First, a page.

As the world marks the International Day of Solidarity With the Palestinian People, we spoke to Ali Abunimah (Electronic Intifada), Prof. William Robinson, and BDS advocate Valerie Carmel about the past, present and future of colonialism and resistance in Palestine.
Following the devastating years of the Second World War, colonialism stood on the precipice of total collapse. Tattered and torn by years of dreadful conflict that shattered entire cities and claimed the lives of millions, the once-great powers of Europe were suffering a new form of humiliation. From the British Raj to Indochina, Madagascar to Indonesia, a terrifying trend had developed.
Colonial subjects across the world, sensing fracture and fatigue among their once-virile masters, finally acted to liberate themselves. Once seen as docile and compliant, the natives began to strike terror into those who arrogantly took up the “White Man’s Burden” of colonial robbery and plunder. Colonized people across the globe relied on their resourcefulness, organizing prowess, guerilla strategies and mass heroism in a campaign against their foreign overseers, seizing back land across Africa, Asia and the Middle East.
Great Britain, although a member of the victorious Allies, was barely healing from its wartime defeats in Europe and Asia before it, too, realized that its empire was no longer viable. In 1947, it was forced to simply let go of land it had once ruled in India and Palestine.
Since the end of the First World War in 1917, Palestine had been under the British Empire’s Mandate. Populated by Muslims, Christians and Jews, Palestine was seized from the Ottoman Empire by the British, whose army worked in tandem with local Muslim and Arab tribes to sweep the Levant clear of Ottoman Rule. After the Turks were driven out, the Arabs who were promised self-determination were instead stabbed in the back. Their land was divided, with little regard for religious or ethnic communities, by the British and French through the Sykes-Picot agreement.
The British transformed their wealthy Arab collaborators in Egypt, Jordan and Iraq into kings for the purpose of assisting their rule. Palestine, however, was subject to a different plan.
The Balfour Declaration: Britain’s Colonial Pledge to Zionism
In November 1917, the British issued a 67-word public statement promising that Mandatory Palestine would eventually become the future “national home for the Jewish people” – in spite of the fact that Jews were then a small minority in the region.
The infamous colonial promise contained in the Balfour Declaration gave a massive boost to an ideological current among secular European Jews known as Zionism, an ideology that promoted the idea of mass Jewish migration to Palestine. Their goal was to build a new “homeland” where European Jews facing violence and discrimination in their respective countries could migrate and forge a new national identity. As Zionist leader and Israeli state founder David Ben Gurion said, the new homeland would be a “bastion of the West in the (Arab) Middle East,” a colony for European settlement and control.
“There were always Jews in Palestine; this was never the issue, it was never an issue of religion,” Ali Abunimah told teleSUR. Abunimah is a leading advocate of the Palestinian cause and co-founder of The Electronic Intifada. His family was driven from Palestine during the violent 1948 events that led to the creation of Israel.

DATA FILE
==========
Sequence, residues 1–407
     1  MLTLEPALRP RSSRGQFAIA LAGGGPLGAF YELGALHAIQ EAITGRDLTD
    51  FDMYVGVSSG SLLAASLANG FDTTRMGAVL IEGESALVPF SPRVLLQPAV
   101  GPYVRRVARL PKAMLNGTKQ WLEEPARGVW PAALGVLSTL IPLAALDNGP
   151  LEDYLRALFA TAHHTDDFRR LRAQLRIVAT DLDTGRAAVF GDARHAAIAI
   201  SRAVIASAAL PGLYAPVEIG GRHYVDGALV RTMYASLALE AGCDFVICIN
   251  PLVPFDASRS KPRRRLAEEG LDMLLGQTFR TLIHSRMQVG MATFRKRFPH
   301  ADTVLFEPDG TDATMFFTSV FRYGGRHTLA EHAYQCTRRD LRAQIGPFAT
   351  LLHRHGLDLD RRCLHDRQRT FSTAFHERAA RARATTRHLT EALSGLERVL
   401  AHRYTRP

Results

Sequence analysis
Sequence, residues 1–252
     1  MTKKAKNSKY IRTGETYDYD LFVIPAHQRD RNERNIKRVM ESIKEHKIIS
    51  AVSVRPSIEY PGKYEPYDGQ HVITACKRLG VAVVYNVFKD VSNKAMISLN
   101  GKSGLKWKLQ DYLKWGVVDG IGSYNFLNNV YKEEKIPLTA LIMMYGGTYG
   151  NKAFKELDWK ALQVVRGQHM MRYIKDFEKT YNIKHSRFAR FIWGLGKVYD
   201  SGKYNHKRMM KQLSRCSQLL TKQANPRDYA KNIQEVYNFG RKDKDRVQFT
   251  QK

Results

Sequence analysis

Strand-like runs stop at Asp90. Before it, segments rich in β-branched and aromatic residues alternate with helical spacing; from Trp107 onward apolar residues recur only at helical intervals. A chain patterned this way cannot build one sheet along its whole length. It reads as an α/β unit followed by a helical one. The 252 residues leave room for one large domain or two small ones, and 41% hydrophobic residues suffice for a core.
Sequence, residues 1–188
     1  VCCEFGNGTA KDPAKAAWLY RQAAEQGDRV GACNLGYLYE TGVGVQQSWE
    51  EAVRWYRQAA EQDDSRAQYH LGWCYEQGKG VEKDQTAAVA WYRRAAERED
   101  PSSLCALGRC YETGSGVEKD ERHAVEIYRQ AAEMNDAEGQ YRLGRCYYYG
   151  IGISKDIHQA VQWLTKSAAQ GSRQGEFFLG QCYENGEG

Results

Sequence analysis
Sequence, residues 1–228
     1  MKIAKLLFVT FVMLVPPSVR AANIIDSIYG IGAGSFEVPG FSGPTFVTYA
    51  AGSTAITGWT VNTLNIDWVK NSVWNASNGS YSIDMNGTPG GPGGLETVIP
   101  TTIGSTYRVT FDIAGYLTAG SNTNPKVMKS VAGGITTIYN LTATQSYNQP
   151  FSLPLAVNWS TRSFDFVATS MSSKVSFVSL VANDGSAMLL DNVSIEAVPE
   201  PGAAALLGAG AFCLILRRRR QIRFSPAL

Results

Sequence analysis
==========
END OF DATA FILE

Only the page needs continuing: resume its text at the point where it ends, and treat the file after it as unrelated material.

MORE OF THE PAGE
“The Zionist movement was a European-backed colonial movement whose goal was not to coexist with the Palestinian people, but to take their land and to expel them and replace them.”
The Liquidation of Mandatory Palestine and the Israeli Colony’s Violent Birth
Soon, thousands of settlers arrived in Palestine to build villages and farms, while organizing paramilitary groups for the purpose of protecting the newly founded communities. Before long, the armed brigades assumed a violently Anti-Arab racist character, as well as a zealous sense of discipline and highly militarized internal structures. The paramilitary Zionist groups began attacking neighboring Arab communities, as well as British authorities.
Following the genocidal anti-Jewish crimes of Hitler’s Third Reich, the so-called “international community” – newly assembled as the United Nations and dominated by the imperialist powers on the Security Council – decided the time had come to make the British promise final, and grant the survivors of the Holocaust the right to officially create their Jewish nation within the land of Palestine. On November 29, 1947, the U.N. voted to create separate, independent Arab and Jewish states.
“That resolution marked an international blessing for the destruction of Palestine and the expulsion of the Palestinian people,” Abunimah said. “These colonial powers didn’t care at all about the rights of Indigenous people, including Palestinians, yet they used a right they didn’t have to partition the country and give more than half of it away to a minority of newly arrived European settlers, which was the Zionist movement.”
Following the Partition, paramilitary brigades such as Irgun, Haganah and Lehi immediately launched a campaign of ethnic cleansing across Palestine. An expansionist wave of violence known to Arabs as the Nakba (“Catastrophe”) consumed as many as 600 Palestinian villages and drove more than 700,000 Palestinians from their ancestral lands. Seventy years after the plan, more than 6 million people from the Palestinian diaspora still cannot visit the ancestral homeland of their parents and grandparents.
After the Nakba and eventual founding of the State of Israel in 1948, the paramilitaries were reorganized into the “Israeli Defense Forces,” which defines their mission as defending “the existence, territorial integrity, and sovereignty of the state of Israel.”